You can believe in misery or miracles, it is entirely up to you. You Choose.This week has been as intense as I worried it might be. I just watched the deadline for one of my class assignments fly on by–albeit with my professor’s acknowledgement and support–but … there just aren’t enough hours in the day to pack up my entire house, work, and do the crazy amount of homework he has required.

The thing that’s keeping me at least halfway sane is that we’ve been diligent with taking our walks: we took 6 for a total of 13.4 miles. I also kept up with the other assignment due and the full week of work. And I sorted, threw away, packed, ran errands, and worked out the legalese to let our renter move in. We’ve been averaging 6-7 hours of sleep as we try to say our goodbyes as well as take care of all these logistics. It doesn’t help our ability to stay focused or be particularly effective.

We still have about half our household to sort, toss, or pack by Wednesday morning, when we have movers showing up to load our stuff into trucks. I’m having a hard time imagining what would happen should we miss that deadline, and yet the hours are dwindling. I’m choosing to believe in a miracle at this point, since we do have help emerging from the woodwork, and, worst comes to worst, I suppose we don’t have to be quite so careful about boxing things up for transport…

I’m also guessing that hubs shared the link to 10 practices to increase peace of mind and happiness as a reminder that once we get past this madness, we’ll need to spend some time reorienting to that perspective. That’s probably a good idea, but a week of sleep sounds good, too. Unfortunately, I won’t have that luxury, either. Somehow I have to hold on until the Labor Day weekend to get an extra day of sleep. Until then, I’m as likely to be a zombie as a human, but don’t kill me just yet… I have PLANS!


Hold your breath with me until next week, when we should be settled in Virginia. And check out my ROW80 cohorts are doing; be jealous with me of anyone who’s feeling more awake than I.

The Mirror Shows Me Stress

Difficult roads often lead to beautiful destinations.My post title sums it up, but to add some clarity: I worked 40 hours this week, and spent 27 hours on homework. I got NO packing done. I snuck in 100 words on Jasper’s Tale night before last because I realized that deadline is sprinting my direction, too. Last night I had to talk myself down from a panic attack, because movers will show up on the 30th, and nine years’ worth of accumulated stuff on top of the stuff we’ve already schlepped across country a few times will need to be ready to be loaded into trucks. Or unceremoniously dumped.

I love being home with hubs and my girls–most particularly because we support each other in this kind of difficulty, but also because we have the good habit of walking almost nightly. This week, we took five walks for 10.9 miles. I suspect that’s a big reason I’m still holding myself together. It also helps that my prof responded to my frantic email about due date timing quickly and with some understanding.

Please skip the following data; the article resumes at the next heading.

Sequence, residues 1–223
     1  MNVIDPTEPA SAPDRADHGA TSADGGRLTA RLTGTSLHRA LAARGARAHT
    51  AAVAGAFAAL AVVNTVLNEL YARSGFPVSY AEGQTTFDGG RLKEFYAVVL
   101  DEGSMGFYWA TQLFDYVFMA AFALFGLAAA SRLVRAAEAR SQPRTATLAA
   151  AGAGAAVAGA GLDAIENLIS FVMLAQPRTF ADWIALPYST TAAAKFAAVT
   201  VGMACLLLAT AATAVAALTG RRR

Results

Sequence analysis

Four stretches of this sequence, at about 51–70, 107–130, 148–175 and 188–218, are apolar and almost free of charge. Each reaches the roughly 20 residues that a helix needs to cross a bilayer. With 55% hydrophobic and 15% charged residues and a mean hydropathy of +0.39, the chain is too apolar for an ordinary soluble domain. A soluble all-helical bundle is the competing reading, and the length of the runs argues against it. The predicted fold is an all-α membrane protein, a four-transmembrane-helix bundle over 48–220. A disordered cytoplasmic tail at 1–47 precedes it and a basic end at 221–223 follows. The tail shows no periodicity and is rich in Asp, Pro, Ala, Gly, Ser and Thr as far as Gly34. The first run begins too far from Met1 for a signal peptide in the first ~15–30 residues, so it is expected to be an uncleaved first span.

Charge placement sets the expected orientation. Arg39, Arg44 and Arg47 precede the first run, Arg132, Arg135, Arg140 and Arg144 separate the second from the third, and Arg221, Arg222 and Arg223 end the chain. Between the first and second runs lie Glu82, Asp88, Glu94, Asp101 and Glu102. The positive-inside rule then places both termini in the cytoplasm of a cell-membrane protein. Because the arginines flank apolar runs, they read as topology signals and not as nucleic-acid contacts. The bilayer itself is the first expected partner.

Strangely, hubs found an article this week listing six traits of peaceful people. While I would say our current existence is fraught with the turmoil any move will add to a person’s life, I still recognize our choices in the characteristics outlined there. So I will take another deep breath and remind myself that while this is a difficult road, the home I’ve found us in Virginia should allow us to find calm and beauty again.

In the meantime, I’m massively grateful hubs has the Chinese herbal pharmacopeia and nutritional knowledge to manage our collective cortisol levels and allow for some decent sleep–which helps me remain steady within the stress and manage some productivity. Rinse and repeat. Check back next week to see whether I manage this for the next two weeks. And check my ROW80 cohorts to see whether they’re making progress on their goals.

In Celebration

No matter where you are, find your Happy and walk toward it.It’s my birthday (or was, until an hour or two ago), and that whole goal of not going crazy from last week… in sad danger of not surviving the week. An intense adventure involving metro trains that were not only behind schedule but also stopping every 50 yards, a mad dash through three terminals toting my work backpack (with laptop) and a suitcase that weighed in at 49.5 pounds according to a late check-in that couldn’t guarantee my suitcase would make my flight, as well as being paged before they shut the airplane doors, all combined to ratchet my stress levels sky-high. The turbulence we flew through ensured my nerves were taut for another day thereafter.

The schedule of work, packing, and cleaning doesn’t give much breathing room for recovery, either. As it happened, hubs had continuing ed classes all weekend, so I’m still in the surreal head space of not feeling entirely home. Top that with the asinine story from Esquire–“In Praise of 42″–and there’s something in the back of my head bleating about being past my own expiration date. Happily for me, I got the last laugh with Jezebel’s fisking of said article, but it does remind me that while my goals seem stupid in the midst of the rush toward their completion, there is ultimately a ticking clock somewhere that means what I don’t finish today… may never get done.

So when I saw this week’s image from the always helpful Zen to Zany folks… It reminded me of last week’s injunction against focusing too long on the bigger picture. I know there are a pile of stories floating around my head waiting their turns to be written. I know there are decisions to be made and actions to be taken. Contrary to the way I’ve written those sentences, I won’t be passive about accomplishing what’s necessary. And despite the desperate airport race on Thursday, I’m still only walking toward my Happy. One dogged step at a time.